From Rescue to Ridden with our First CT Instructor!

claire-instructorWe are delighted to announce our first CT Instructor, Claire Waldron! Claire has really impressed us with her dedication to learning and practicing Connection Training techniques. She has worked extensively with her horse, Segura (see below), and her two troubled rescued ponies, Hope and Valiente. She has also worked with a local rescue centre and trekking centre, helping them out and teaching them this way of training, too. Based in Spain, Claire has made the most of the CT website, booking regular coaching calls, watching all the courses, posting on the forum and joining every Q&A! In 2015, she organised for Rachel to go out and teach her in Spain, following which she joined our team on customer support and event organisation (yes, she’s the Claire you might have talked to when emailing theteam@connectiontraining.com). Claire has arranged a CT course with Shawna next week out in Spain, so is looking forward to some more face-face time (though Youtube and Skype are a great substitute!). We’re delighted to have such a dedicated and lovely person as our first CT Instructor!

If you’re interested in becoming a CT Instructor, please email us at theteam@connectiontraining.com

And now, more from Claire… Here is an excerpt from Claire’s brilliant presentation at the Connection Training Conference 2016. She tells her story of her rescued mare, Segura, and how they moved from some bad falls and a lot of fear to a calm, relaxed and happy partnership.

You can also see Claire working with one of her rescued ponies HERE.

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9 thoughts on “From Rescue to Ridden with our First CT Instructor!”

  1. Congrats Claire 🙂 Lovely to see a snippet of the CT conference, I had been told the lectures were amazing, no one warned me I’d need tissues too

  2. AAww, I teared up at the end… You sure inspired me! In April I bought a Highlandpony from Scotland that had been living feral for 7,5 years, was caught and had been in hands for only 2 months and in these two months he went from feral to getting lots of loadingtraining, lunging, had his mane and forelock brushed the very first week, being bridled, saddled, ponied and lunged and if I hadn’t decided to buy him and ask them to stop doing more, he would have been sat on as well. But they forgot to train ‘begin caught and haltered’… So when he arrived and I took of his halter, I had a feral horse on my paddock that I couln’t touch. He was só over asked that he rejected any kind of contact.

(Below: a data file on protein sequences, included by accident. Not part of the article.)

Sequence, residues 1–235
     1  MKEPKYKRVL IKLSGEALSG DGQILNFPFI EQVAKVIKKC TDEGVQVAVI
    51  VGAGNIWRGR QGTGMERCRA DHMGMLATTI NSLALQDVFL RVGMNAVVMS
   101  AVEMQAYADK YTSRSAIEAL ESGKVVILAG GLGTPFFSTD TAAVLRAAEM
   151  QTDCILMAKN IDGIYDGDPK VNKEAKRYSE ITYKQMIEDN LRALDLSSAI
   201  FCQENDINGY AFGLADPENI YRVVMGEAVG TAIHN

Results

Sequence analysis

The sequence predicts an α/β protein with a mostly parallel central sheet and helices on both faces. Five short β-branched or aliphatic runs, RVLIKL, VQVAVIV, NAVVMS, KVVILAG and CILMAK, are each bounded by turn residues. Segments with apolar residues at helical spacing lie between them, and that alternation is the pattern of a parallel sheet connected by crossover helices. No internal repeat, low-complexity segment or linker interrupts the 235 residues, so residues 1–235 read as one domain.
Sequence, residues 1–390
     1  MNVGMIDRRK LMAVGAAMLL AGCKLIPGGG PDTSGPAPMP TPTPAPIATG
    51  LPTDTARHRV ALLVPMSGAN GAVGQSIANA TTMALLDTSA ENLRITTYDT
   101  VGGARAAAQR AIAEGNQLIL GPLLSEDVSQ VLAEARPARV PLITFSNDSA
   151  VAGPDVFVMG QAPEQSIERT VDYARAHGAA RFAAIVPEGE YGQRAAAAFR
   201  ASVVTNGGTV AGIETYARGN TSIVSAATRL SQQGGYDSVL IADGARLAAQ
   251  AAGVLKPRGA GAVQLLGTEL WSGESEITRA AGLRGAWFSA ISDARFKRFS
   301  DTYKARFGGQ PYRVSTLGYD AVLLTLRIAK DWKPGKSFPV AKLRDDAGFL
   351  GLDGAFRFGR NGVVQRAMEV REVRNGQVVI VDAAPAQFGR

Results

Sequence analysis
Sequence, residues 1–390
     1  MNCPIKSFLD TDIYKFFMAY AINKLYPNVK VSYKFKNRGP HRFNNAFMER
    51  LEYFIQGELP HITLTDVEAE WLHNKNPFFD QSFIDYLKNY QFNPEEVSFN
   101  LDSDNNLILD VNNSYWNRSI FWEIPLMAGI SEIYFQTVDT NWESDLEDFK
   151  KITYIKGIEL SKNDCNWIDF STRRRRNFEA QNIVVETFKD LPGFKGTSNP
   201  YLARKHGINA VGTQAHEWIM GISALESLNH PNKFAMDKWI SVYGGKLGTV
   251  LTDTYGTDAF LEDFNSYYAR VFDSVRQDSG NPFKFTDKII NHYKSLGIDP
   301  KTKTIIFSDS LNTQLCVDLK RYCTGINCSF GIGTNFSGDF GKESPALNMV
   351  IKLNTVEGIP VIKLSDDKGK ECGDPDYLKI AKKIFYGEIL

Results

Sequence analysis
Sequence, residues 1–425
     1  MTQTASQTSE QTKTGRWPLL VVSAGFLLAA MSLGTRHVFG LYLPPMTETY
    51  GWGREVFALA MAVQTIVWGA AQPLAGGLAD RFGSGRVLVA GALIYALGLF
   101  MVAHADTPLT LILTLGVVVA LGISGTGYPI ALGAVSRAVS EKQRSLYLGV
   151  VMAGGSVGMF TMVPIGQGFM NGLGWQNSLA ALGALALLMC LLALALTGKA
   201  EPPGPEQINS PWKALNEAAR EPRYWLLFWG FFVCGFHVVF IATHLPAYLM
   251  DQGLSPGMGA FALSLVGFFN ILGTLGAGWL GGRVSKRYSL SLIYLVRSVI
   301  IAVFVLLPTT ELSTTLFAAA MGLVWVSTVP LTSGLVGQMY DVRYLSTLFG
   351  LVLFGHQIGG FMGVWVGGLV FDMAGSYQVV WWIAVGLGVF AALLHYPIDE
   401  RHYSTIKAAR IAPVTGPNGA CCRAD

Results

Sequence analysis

I can touch him now but touching his head is still a big no no so putting on a halter is out of the question for now (I want him to be comfortable touching his head before I bring in the halter).
    He is with me for almost 5 months now and sometimes I feel I should go faster, I should do things differently or maybe push him a bit more, maybe I’m doing it wrong or I shouldn’t have bought him at all… All these doubts…
    And than I see your video and I know I’m doing it right, we wíll get there and doing it this way and this slow will pay back in the long run…
    So thank you for your story, I hadn’t seen it yet and I love it. It gives me hope, inspiration to keep going the path I took with him and have faith we will get there too. Thank you <3

    1. Hi Francis, that’s wonderful to hear. Sounds like your pony is lucky to have found you. Yes, so much horse training is just done too fast, even with the best intent, which can be scary and overwhelming for them. Just keep doing your thing in the way that feels right for you and your horse – training well and building that trust and relationship is so much more rewarding than training fast. It might not be a quick fix, but it’ll be a lasting one 🙂

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